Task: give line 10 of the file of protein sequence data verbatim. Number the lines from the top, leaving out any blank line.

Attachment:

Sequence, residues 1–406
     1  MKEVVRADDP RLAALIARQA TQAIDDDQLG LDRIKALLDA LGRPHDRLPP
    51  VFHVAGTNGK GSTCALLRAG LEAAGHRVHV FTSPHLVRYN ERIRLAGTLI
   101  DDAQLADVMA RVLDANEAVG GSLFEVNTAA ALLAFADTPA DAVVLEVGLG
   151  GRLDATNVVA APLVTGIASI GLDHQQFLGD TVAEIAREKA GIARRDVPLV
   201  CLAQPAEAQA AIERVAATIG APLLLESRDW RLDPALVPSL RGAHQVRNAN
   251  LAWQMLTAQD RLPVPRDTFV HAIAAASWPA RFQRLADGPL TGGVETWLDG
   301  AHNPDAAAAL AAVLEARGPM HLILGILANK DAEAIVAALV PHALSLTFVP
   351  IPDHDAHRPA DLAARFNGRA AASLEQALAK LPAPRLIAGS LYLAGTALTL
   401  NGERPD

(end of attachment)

   401  NGERPD